California traffic safety officials have followed the few rules that exist for overseeing sobriety checkpoints set up by hundreds of police departments, the state auditor reported yesterday.
No federal law or state statute governs what happens at the roadway operations, according to the auditor's report. And the California Office of Traffic Safety is not required to closely monitor what happens at checkpoints it funds, which now number more than 2,000 a year.
Chris Murphy, the traffic safety office’s director, said the audit validates that the state funds lawful, lifesaving checkpoints.
“It speaks volumes to the work that my staff and law enforcement is doing,” Murphy said. “The checkpoint program has been running very efficiently and effectively.”
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Fatalities on California’s roadways dropped nearly 12 percent from 2009 to 2010, which Murphy partially attributes to checkpoints.
The traffic safety office spent $16.8 million for police overtime at more than 2,500 operations during the 2010 fiscal year. Auditors noted that those sobriety checkpoints resulted in almost 28,000 citations to unlicensed drivers, compared with roughly 7,000 drunken driving arrests.
California Watch reported two years ago that sobriety checkpoints were doing more than just taking unlicensed drivers off the road. Police took those motorists’ cars, too, often impounding them for 30 days.
With city release fees and tow charges, car owners often had to pay $1,500 or more to retrieve their vehicles. When owners could not afford that price, tow operators typically would sell the cars at lien sales.
Cities and firms generated an estimated $40 million in revenue from vehicle seizures at checkpoints. The majority of drivers losing their cars were illegal immigrants who are not permitted to have California licenses.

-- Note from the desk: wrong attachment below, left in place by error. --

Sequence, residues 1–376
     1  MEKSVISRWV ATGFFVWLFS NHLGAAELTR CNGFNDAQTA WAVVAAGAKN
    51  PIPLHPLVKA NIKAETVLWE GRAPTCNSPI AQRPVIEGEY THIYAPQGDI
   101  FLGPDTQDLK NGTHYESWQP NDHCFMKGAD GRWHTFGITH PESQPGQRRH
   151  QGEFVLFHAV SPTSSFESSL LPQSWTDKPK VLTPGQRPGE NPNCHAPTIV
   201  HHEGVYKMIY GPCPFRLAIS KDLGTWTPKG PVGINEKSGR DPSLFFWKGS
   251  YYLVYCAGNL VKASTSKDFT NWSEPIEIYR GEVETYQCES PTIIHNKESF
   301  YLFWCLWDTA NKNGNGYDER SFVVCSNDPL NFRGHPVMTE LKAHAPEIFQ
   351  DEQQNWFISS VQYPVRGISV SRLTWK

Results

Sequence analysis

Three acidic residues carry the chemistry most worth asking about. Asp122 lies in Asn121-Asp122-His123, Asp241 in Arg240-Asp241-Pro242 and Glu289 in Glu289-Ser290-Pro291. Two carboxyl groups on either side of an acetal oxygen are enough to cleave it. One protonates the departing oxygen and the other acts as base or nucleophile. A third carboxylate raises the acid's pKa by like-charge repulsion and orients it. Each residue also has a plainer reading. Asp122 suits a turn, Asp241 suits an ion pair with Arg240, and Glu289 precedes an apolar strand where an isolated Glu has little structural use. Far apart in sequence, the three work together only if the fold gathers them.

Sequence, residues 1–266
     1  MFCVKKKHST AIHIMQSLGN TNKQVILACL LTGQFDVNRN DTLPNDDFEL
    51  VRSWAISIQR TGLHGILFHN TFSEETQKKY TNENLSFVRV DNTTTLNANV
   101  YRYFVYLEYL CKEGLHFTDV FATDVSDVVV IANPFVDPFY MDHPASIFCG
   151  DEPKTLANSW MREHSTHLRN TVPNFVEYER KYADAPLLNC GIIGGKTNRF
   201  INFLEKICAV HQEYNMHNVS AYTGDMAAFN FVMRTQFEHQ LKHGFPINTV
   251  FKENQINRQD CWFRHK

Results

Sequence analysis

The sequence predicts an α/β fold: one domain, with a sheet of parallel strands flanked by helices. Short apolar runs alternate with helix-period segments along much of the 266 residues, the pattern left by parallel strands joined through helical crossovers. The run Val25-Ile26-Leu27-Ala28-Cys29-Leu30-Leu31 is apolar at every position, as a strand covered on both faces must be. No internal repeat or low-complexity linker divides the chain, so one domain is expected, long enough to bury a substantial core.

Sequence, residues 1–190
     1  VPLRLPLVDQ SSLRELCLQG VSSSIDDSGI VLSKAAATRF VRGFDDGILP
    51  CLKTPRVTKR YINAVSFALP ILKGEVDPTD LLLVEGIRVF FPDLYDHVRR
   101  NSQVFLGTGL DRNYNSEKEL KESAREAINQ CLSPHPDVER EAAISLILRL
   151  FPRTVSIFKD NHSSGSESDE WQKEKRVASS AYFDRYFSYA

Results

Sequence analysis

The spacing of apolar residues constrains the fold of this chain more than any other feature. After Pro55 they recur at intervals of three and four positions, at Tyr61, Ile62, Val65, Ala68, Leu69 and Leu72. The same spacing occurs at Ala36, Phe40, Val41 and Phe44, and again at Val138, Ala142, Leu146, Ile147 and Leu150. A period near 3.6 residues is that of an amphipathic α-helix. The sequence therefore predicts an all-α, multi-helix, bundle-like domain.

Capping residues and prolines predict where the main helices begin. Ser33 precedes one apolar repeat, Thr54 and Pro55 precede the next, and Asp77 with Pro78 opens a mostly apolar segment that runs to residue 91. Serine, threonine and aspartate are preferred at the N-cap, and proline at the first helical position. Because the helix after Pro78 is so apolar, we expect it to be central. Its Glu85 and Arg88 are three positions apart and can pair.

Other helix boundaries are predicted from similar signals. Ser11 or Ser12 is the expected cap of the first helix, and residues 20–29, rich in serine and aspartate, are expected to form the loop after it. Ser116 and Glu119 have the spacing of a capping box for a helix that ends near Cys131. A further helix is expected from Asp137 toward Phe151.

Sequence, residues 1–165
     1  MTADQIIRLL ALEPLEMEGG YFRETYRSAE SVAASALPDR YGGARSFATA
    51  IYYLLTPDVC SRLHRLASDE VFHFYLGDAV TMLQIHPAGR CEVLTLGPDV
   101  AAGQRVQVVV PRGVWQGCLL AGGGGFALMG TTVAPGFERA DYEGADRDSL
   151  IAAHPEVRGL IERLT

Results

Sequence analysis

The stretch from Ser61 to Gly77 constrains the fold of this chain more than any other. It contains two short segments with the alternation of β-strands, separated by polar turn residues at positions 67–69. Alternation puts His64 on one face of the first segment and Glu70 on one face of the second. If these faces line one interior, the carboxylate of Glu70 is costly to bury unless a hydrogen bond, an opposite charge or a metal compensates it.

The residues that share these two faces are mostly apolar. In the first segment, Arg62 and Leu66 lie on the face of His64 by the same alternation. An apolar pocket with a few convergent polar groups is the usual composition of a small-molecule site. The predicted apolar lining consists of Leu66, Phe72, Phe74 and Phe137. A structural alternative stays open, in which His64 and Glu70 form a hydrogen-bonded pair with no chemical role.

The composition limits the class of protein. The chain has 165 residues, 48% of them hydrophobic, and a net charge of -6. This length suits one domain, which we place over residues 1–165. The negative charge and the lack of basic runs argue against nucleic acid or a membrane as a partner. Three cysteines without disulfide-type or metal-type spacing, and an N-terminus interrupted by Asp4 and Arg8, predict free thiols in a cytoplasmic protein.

Auditors document that local governments have used impounds as a cash source through fees, as well as contracts with tow companies that require cities get a cut of car storage charges and lien sales.
“For example, the Los Angeles Police Department collects 7 percent of all gross revenue earned by tow contractors for police-related tows,” the report states. “Similarly, the cities of Oakland and Fresno receive $40 per towed vehicle as a franchise fee under their tow agreements.”
A new state law, enacted Jan. 1, restricts police officers’ authority to impound a car at a checkpoint if the driver’s only offense is unlicensed driving.
The disparity between the numbers of vehicle impounds and drunken driving arrests in recent years doesn’t “suggest that these checkpoints were performed improperly or are not achieving their intended outcomes,” auditors wrote.
Unlicensed drivers are riskier drivers. A study [PDF] last year by the AAA Foundation for Traffic Safety found that nearly a fifth of all fatal car collisions in the United States from 2007 to 2009 involved a driver with a suspended or revoked license or no license at all.
California’s traffic safety office is not required to observe the checkpoints or confirm that data it receives from police departments about the operations is accurate. Murphy said that level of oversight would be logistically impossible.
Instead, the agency informally has sent two retired police officers to watch 24 checkpoints over the past four years, the report said.